Las Vegas, Nev. – U.S. Senators Catherine Cortez Masto (D-Nev.) and Jacky Rosen (D-Nev.) joined U.S. Senators Mazie Hirono (D-Hawaii) and Kamala Harris (D-Calif.) to cosponsor the Coronavirus Immigrant Families Protection Act to ensure that all communities have access to urgently needed COVID-19 testing, public health information, and relief benefits regardless of immigration status or limited English proficiency.
“We’re in the middle of a public health crisis, and protecting Nevadans from the spread of COVID-19 means protecting everyone in our state,” said the Senators. “Nevada is a beautifully diverse state, with families who have members from every corner of the globe, and we need to make sure those families can get critical support. We’re proud to cosponsor this legislation that will ensure everyone in Nevada has access to the testing, treatment, and information that will keep them, their families, and our communities as safe and healthy as possible.”
The Coronavirus Immigrant Families Protection Act would:
- Ensure that everyone has access to COVID-19 testing and treatment by:
- Providing coverage of COVID-19 testing and vaccines under Medicaid to everyone, regardless of immigration status, by defining it as treatment for an emergency medical condition;
- Making clear that accessing coronavirus-related services will not be counted against an individual with respect to immigration status or in consideration for other federal programs; and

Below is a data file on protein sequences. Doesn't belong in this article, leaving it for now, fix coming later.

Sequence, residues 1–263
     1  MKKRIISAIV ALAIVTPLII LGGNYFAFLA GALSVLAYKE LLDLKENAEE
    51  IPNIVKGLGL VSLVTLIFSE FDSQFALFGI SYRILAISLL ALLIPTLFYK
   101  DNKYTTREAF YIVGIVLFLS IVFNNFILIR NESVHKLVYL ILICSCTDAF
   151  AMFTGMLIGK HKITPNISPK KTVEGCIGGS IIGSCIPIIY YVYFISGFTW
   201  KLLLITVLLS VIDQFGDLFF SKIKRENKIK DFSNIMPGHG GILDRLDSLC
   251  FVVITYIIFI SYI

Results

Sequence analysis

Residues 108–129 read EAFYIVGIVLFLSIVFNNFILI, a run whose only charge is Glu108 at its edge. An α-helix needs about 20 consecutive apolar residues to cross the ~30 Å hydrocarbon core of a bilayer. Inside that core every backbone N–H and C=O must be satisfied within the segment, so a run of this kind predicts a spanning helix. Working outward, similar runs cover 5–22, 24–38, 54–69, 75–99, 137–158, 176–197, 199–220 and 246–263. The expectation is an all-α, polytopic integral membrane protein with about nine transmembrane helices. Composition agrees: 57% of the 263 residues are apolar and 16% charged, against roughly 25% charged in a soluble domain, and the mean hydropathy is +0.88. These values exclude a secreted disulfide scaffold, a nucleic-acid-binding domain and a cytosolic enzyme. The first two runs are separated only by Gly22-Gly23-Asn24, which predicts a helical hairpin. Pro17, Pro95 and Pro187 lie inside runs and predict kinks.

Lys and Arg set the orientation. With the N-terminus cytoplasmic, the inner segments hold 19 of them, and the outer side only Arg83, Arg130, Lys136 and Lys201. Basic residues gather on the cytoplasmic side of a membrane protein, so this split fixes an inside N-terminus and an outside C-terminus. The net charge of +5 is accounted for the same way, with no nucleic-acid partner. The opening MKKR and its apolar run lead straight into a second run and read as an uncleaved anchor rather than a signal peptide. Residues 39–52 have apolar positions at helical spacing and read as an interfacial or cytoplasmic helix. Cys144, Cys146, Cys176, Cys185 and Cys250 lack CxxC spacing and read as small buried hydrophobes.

- Prohibiting discrimination in any program funded by a coronavirus relief bill based on actual or perceived immigration status.
- Provide $100 million for the Centers for Disease Control and Prevention (CDC) to provide language access and public outreach on coronavirus preparedness, response, and recovery to hard-to-reach populations—including minorities, those with limited English proficiency, and those with disabilities.
- Ensure access to coronavirus relief measures to vulnerable communities by:
- Extending nutrition assistance through a Disaster-SNAP (D-SNAP) program to allow individuals and families impacted by a pandemic to receive direct food assistance from FEMA;
- Allowing immigrant taxpayers to access IRS benefits with an ITIN; and
- Automatically extending expiring work authorization and status for immigrants during the coronavirus emergency for the same time period as was previously authorized.
- Modify immigration policies that deter immigrants from seeking health services for the duration of the coronavirus emergency and for 60 days after the emergency ends, including:
- Temporarily suspending the public charge rules, in-person ICE checks, and the detention and removal of domestic violence and sexual assault survivors who have pending immigration applications;
- Suspending immigration enforcement actions at or in transit to/from sensitive locations, such as hospitals, courthouses, domestic violence shelters, food banks, and other sensitive locations; and
- Requiring fully telephonic bond hearings for detained individuals.